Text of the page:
Six-year review of Acanthamoeba keratitis in New South Wales, Australia: 1997–2002
Article first published online: 24 JAN 2005
Clinical & Experimental Ophthalmology
Volume 33, Issue 1, pages 41–46, February 2005
How to Cite
Butler, T. K., Males, J. J., Robinson, L. P., Wechsler, A. W., Sutton, G. L., Cheng, J., Taylor, P. and McClellan, K. (2005), Six-year review of Acanthamoeba keratitis in New South Wales, Australia: 1997–2002. Clinical & Experimental Ophthalmology, 33: 41–46. doi: 10.1111/j.1442-9071.2004.00911.x
- Issue published online: 24 JAN 2005
- Article first published online: 24 JAN 2005
- contact lens;
Aim: To assess the incidence and risk factors for Acanthamoeba keratitis (AK), the diagnostic interval, and the efficacy and outcome of current treatment among the population of New South Wales, Australia.
Methods: A retrospective review was carried out of all cases of AK treated at the Sydney Eye Hospital between January 1997 and December 2002.
Results: Twenty patients were identified with a mean follow up of 24.8 ± 21.5 months. Acanthamoeba keratitis constitutes 4.7% of severe infective keratitis treated at Sydney Eye Hospital. The mean interval from first presentation to diagnosis was 26.6 ± 35.1 days overall; 17.2 ± 33.1 days for those presenting directly to our unit (69% being diagnosed within 72 h of presentation), and 44.1 ± 34.0 days for those first presenting elsewhere. Of those with a diagnostic delay >1 month, 57% had been mistakenly diagnosed with Herpes simplex keratitis. Sixteen (80%) wore contact lenses, and eight (40%) had additional risk factors including poor lens hygiene. Complications occurred in 16 (80%), with seven (35%) requiring surgical intervention. Visual acuity improved in 18 (90%), worsened in two patients (10%), and 75% achieved 6/12 or better at last follow up.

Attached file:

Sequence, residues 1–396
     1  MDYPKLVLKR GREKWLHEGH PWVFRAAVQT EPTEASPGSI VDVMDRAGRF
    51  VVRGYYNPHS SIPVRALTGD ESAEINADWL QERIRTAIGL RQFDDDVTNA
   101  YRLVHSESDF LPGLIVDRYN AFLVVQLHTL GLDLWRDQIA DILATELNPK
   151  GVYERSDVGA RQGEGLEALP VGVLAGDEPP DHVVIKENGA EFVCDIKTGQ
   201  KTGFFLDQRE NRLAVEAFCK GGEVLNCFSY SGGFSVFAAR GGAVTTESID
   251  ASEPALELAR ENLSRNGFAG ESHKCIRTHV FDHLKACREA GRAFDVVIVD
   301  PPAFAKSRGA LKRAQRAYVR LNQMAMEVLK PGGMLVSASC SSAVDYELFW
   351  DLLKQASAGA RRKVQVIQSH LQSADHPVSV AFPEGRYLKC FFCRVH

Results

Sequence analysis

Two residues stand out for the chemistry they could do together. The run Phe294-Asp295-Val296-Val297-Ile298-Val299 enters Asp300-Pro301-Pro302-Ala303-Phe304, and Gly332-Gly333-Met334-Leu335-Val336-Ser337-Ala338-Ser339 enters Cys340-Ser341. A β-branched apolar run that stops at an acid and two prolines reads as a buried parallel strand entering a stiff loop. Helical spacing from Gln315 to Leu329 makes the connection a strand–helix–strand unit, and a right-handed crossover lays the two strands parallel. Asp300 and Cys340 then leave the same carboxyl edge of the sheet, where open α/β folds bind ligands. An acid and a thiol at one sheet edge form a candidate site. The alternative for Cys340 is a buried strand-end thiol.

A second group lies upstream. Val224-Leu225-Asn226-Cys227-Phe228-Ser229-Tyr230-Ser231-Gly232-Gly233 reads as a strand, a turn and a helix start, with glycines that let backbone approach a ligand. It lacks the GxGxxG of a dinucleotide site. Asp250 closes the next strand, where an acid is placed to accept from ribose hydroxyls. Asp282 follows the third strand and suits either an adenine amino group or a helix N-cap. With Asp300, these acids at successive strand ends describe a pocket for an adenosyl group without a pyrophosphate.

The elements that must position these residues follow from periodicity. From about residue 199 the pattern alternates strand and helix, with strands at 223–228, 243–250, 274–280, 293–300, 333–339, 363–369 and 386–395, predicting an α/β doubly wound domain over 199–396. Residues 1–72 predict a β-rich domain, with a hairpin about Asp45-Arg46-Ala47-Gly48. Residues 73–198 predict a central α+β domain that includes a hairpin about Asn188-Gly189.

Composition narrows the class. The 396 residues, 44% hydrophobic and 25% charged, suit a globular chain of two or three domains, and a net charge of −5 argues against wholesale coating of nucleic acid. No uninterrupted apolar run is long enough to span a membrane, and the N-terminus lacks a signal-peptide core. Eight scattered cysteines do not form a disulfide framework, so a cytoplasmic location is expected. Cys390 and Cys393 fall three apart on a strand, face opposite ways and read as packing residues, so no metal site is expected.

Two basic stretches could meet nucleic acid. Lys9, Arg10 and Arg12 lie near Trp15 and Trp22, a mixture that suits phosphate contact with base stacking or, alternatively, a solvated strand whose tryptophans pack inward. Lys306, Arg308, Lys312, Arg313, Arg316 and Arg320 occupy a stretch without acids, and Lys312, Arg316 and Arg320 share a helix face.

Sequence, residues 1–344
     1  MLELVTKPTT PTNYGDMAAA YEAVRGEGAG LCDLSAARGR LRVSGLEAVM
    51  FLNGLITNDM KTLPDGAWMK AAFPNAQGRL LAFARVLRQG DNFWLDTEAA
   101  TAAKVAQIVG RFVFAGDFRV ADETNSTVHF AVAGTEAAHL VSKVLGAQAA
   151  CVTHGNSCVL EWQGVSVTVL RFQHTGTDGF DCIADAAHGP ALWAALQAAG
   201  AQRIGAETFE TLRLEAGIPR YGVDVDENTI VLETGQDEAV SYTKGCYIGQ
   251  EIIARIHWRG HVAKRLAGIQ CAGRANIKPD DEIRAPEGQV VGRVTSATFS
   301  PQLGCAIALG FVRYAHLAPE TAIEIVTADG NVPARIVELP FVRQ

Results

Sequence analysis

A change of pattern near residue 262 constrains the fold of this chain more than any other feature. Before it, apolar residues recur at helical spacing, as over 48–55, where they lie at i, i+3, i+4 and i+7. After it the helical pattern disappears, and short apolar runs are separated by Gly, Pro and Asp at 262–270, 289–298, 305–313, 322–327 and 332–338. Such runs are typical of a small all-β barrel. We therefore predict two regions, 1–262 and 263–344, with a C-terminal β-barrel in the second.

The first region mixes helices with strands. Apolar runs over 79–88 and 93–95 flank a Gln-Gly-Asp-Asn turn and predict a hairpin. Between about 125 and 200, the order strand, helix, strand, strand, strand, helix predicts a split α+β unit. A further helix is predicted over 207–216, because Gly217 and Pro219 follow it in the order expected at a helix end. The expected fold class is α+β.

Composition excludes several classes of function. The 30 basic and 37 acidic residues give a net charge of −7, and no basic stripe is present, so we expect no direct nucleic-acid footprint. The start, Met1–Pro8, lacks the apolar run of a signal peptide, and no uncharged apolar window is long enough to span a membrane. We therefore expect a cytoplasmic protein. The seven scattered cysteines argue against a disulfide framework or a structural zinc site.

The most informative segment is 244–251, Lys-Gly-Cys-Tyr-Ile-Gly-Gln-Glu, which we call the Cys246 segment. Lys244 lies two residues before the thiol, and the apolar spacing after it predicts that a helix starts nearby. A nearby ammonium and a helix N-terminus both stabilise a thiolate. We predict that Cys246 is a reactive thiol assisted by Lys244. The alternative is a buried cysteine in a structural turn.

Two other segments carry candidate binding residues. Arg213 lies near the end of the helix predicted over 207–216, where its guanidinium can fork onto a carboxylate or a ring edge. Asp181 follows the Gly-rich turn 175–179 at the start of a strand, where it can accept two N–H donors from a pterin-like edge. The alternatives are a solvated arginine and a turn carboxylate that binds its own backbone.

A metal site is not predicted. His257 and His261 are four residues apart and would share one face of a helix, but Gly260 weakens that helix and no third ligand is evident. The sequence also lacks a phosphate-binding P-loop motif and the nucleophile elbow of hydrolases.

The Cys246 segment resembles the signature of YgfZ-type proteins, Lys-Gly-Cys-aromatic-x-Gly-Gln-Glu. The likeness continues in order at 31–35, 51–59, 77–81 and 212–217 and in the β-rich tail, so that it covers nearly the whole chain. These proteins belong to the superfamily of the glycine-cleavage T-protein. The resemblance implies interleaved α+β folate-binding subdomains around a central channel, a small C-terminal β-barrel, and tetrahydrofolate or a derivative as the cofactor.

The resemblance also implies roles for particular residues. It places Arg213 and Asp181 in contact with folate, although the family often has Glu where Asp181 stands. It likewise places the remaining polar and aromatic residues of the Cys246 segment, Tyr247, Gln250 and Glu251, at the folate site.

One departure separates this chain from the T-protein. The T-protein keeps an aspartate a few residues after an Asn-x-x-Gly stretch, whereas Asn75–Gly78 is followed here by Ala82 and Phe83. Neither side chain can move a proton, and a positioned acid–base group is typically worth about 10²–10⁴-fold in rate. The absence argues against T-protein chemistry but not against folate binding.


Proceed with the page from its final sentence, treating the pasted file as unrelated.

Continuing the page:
Conclusions:Acanthamoeba keratitis is a rare infection, and contact lens wear remains the commonest association, with poor hygiene constituting significant additional risk. The visual outcome has improved with the availability of effective amoebicidal agents, but patients with a diagnostic delay and non-contact lens wearers are at increased risk of recurrent disease. A high index of clinical suspicion remains the most effective strategy in implementing early treatment, and enabling a favourable outcome.